Bodh Gaya is as important to Buddhism as Jerusalem and Mecca are to the other great religions of the world. Buddhism has transformed the lives of millions of people around the world, especially in South East Asia, Central Asia, China, Tibet, Korea and Japan. It is the fourth most followed religions in the world and has around 495 million believers, constituting 7- 8% of the world’s population as of 2010.
Known as Uruvilva, after Buddha’s enlightenment the site has been known by various names based on this historic event. Within two centuries of the enlightenment, the name Uruvela was replaced by new ones like Sambodhi (meaning ‘Complete Enlightenment’), Bodhimanda (‘Awakening Position’), Vajrasana (meaning ‘Diamond Throne’) and Mahabodhi (meaning ‘Great Enlightenment’).
The city was named Sambodhi when the Emperor Asoka made a pilgrimage to the site in the year 260 BC, the 10th year of his reign. He decided to build a temple structure to commemorate Buddha’s enlightenment. The first temple structure was an open pavilion supported on pillars and in the middle was the Vajrasana throne, the original spot upon which the Buddha is believed to have sat and meditated. Over the years, the temple was renovated many times and the current structure dates to the Gupta period in the 6th century AD. Hieun Tsang, the Chinese traveler, is said to have visited the city in the 7th century and recorded the existence of the temple.
However, by the 13th century, Buddhism began to decline, interest in the city waned, and the temple was lost in the ruins. In the late 19th-century, Bodh Gaya was rediscovered due to large scale excavations and reconstructions carried out by Alexander Cunningham, a retired British army engineer with an interest in archaeology and antiquity. This time, the city was named Buddha Gaya or Bodh Gaya. Even though it is mainly renowned for the Mahabodhi Temple and Complex, Bodhgaya is a small tourist town teeming with monasteries and temples built by nearly every Buddhist country to mark their presence.
A UNESCO World Heritage Site, the Mahabodhi Temple Complex, consists of the temple, Bodhi Tree (where Buddha attained enlightenment) and six other sacred spots. As Cunnigham wrote about his excavations: ‘But the most important discovery was the fact that the present temple is built exactly over the remains of Asoka’s Temple, so that the original Vajrasana Throne still retains its old position of the Buddha’s seat, and the reputed centre of the Universe’. The Temple Complex, surrounded by a 11 foot high boundary wall, is five meters below the land and approached by a flight of steps leading down. Further along, a central path leads up to the Temple. Many believe this will be the last site to go down before the destruction of the universe and the first one to reappear on a new beginning.
Next to the temple is the Bodhi Tree, surrounded by railings to avoid any damage. The current Bodhi Tree is a sapling of a tree from Sri Lanka, which was grown from the original Bodhi Tree of Bodh Gaya, actually said to be planted by Cunningham himself.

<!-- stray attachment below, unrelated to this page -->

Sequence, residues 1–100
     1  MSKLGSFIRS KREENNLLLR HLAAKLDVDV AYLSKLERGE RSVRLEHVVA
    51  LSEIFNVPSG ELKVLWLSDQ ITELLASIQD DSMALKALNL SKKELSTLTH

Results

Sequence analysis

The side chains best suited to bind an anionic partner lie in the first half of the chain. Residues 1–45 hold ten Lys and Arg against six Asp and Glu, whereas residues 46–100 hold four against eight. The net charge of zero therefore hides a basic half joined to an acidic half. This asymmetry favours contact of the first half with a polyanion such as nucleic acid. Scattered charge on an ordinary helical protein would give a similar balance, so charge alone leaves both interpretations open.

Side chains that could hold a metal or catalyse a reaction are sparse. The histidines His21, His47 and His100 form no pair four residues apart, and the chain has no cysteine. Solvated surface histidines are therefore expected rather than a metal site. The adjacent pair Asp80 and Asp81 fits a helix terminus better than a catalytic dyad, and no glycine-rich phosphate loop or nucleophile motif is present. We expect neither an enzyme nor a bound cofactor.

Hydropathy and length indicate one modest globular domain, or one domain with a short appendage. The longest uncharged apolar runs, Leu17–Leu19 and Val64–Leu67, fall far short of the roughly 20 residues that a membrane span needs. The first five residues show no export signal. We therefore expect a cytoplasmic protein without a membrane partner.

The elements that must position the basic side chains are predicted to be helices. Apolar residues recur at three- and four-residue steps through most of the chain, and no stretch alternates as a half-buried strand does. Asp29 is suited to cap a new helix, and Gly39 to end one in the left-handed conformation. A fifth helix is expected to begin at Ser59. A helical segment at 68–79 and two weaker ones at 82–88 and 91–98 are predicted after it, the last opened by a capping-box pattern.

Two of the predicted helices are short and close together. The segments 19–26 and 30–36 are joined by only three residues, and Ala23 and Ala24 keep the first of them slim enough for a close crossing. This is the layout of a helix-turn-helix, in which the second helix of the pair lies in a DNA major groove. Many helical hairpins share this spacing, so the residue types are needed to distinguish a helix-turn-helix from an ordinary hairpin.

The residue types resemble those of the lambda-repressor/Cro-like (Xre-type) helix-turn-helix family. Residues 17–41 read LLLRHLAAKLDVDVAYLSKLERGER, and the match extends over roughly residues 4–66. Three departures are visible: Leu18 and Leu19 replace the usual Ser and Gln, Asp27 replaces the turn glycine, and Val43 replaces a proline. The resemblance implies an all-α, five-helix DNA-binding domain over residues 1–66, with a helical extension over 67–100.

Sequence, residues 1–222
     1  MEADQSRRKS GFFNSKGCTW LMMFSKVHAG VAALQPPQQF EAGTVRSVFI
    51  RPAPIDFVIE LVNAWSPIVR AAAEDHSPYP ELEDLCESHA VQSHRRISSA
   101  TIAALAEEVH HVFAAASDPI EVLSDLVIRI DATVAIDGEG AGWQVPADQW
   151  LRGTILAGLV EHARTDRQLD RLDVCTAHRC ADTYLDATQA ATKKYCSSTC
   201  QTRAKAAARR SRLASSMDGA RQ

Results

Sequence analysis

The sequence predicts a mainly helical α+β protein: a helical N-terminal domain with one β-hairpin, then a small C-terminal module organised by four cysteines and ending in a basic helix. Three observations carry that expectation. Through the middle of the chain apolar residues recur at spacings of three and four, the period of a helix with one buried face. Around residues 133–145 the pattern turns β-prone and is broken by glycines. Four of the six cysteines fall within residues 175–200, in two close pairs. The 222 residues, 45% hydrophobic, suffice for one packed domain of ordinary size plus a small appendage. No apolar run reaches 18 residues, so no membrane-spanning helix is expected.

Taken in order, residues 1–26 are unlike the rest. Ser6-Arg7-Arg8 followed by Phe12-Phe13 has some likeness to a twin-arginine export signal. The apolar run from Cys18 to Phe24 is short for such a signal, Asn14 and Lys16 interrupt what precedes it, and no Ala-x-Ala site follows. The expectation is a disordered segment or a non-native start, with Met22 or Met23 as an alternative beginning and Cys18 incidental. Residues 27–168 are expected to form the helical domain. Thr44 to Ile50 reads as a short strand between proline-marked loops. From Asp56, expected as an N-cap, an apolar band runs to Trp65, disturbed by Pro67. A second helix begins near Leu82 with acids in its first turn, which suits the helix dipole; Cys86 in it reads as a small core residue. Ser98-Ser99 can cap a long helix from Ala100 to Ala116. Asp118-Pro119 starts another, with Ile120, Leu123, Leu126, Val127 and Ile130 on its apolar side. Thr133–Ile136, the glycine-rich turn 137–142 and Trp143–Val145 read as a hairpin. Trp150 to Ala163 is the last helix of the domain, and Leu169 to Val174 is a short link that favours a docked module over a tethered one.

The seven sacred spots in the temple complex, where Buddha meditated for seven weeks after he had attained wisdom, are clearly marked with inscriptions, along with the Lotus Pond where Buddha meditated in the sixth week following his Enlightenment. It is said there was a huge storm and the serpent king, Muchalinda, came out and held his hood over Buddha to protect him. Everywhere there are monks meditating and pilgrims praying and lighting the butter lamps across various sacred spots. Visitors can walk around the whole temple complex soaking in the sacred vibes of the place.
Apart from, its cultural importance, the Mahabdohi Temple is known for its architecture. This is one of the first and most well preserved temple structures made completely with brick. Although early Buddhist caves and temples do exist, this is the most imposing of them all.
Tourist Tip: Early mornings and late evenings are the best time to explore the sprawling campus, as walking barefoot on the marble floor in the Indian heat can be a daunting task. Carry your cameras along if you want photos, as phones are strictly not allowed.
Monasteries built by various Buddhist countries, each one trying to outdo another, are a great attraction all over Bodh Gaya. Of the many notables, the Thai and Bhutan monasteries are a must visit. The Thai monastery, built in 1956, is known for its golden Buddha statue, while the Bhutanese monastery is known for its intricate carvings. The Tibetan monastery is known for its giant prayer wheel.
Tourist Tip: Most of these monasteries close during afternoon hours and also early in the evening, so early morning visits are recommended.
Known as the 80 feet Buddha, sitting in meditation on a lotus, this was the largest Buddha statue in India when it was inaugurated by the current Dalai Lama in 1989. Built over a period of seven years with the help of 12,000 masons and situated next to the Mahabodhi Temple Complex, this statue makes you feel like a speck in space. Visit to admire its meditative simplicity.
Inaugurated in 2010 by the current Dalai Lama, the museum is most famous for the original railings which surrounded the Bodhi Tree, made of sandstone and dating back to Ashoka’s empire. The museum also houses other artifacts recovered during the extensive excavations of the area.
Bodhgaya is one of the most important stops on the Buddhism tourist circuit. However, the Nalanda ruins (Buddhist Mahaviharas and one of the oldest ancient universities in the world) and the Xuanxang memorials are as important and make for a memorable day trip.